Supreme Court unanimously rules against NCAA in athlete compensation case

·2 min read

The Supreme Court issued its decision on an important case regarding student-athlete compensation on Monday, and it didn't go the NCAA's way.

The nation's highest court unanimously ruled against the NCAA in the case of the NCAA vs. Alston, stating that its strict rules limiting certain kinds of athlete compensation violate anti-trust laws. 

Justice Neil Gorsuch wrote the unanimous opinion, upholding the lower court's ruling that the NCAA was acting unlawfully when it limited member schools from competing for the talent of athletes by offering benefits. Limiting schools from actually, truly competing hurt college athletes.

The ruling is fairly narrow and does not end amateurism in college sports. The NCAA is still allowed to forbid benefits that are not related to an athlete's education. However, it allows for college athletes to receive education-based benefits like free laptops and paid post-grad internships.

Jun 11, 2021; Eugene, Oregon, USA; An NCAA logo flag at the NCAA Track and Field Championships at Hayward Field. Mandatory Credit: Kirby Lee-USA TODAY Sports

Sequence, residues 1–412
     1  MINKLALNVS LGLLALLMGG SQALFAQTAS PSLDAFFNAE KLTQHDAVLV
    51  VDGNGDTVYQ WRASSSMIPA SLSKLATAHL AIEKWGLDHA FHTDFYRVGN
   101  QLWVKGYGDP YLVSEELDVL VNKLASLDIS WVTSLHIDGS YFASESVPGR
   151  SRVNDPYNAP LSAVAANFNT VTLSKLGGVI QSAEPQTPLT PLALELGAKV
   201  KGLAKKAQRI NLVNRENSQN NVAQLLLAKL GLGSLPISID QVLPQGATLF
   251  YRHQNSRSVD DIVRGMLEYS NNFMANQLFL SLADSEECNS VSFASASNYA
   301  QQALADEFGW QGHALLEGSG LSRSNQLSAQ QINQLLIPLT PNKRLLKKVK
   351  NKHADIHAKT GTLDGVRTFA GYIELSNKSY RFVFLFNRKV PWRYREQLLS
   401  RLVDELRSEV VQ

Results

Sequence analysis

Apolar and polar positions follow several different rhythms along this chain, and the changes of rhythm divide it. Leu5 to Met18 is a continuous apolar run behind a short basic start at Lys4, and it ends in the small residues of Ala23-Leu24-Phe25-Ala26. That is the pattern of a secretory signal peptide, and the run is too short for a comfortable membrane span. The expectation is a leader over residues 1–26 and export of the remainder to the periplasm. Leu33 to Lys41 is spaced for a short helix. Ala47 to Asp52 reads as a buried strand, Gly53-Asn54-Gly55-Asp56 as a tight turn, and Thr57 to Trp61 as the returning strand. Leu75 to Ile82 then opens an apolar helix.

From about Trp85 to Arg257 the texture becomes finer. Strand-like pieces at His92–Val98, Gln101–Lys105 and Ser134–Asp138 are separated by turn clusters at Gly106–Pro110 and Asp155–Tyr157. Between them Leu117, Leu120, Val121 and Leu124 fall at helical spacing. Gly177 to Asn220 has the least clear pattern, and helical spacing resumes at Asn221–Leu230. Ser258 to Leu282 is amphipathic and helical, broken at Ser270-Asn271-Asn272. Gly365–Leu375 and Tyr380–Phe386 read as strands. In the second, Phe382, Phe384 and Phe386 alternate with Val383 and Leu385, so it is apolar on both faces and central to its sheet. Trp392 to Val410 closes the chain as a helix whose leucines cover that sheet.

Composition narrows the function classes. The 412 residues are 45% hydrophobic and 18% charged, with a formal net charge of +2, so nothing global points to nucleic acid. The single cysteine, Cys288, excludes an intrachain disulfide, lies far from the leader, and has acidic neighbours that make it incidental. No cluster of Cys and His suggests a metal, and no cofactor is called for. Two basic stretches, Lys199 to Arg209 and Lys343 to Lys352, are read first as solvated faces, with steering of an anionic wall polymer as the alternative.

Not a single Supreme Court Justice ruled in the NCAA's favor in a case about athlete compensation that could have serious ramifications in the future. (Kirby Lee-USA TODAY Sports)

'The NCAA is not above the law'

Even though the ruling only affects education-based benefits for college athletes, it could have a much greater impact in the future. By denying the NCAA anti-trust protection, the Supreme Court opened the door for others to file anti-trust lawsuits against the NCAA. If more anti-trust lawsuits are filed, this searing quote from Justice Brett Kavanaugh's concurring opinion doesn't bode well for the NCAA. 

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This one sentence from Kavanaugh's concurring opinion may be the most consequential of all.

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Even though the ruling is limited, this whole Supreme Court process could not have gone worse for the NCAA. In late March it got roasted during oral arguments, with each of the justices taking shots at the NCAA like it was the world's largest and least-challenging piñata. 

Now it has not only lost, it lost unanimously, and both opinions were written by two of the court's more conservative justices. As if that wasn't enough, one of the opinions essentially called the NCAA's business model "flatly illegal." This may be just the beginning of the NCAA's legal woes. 

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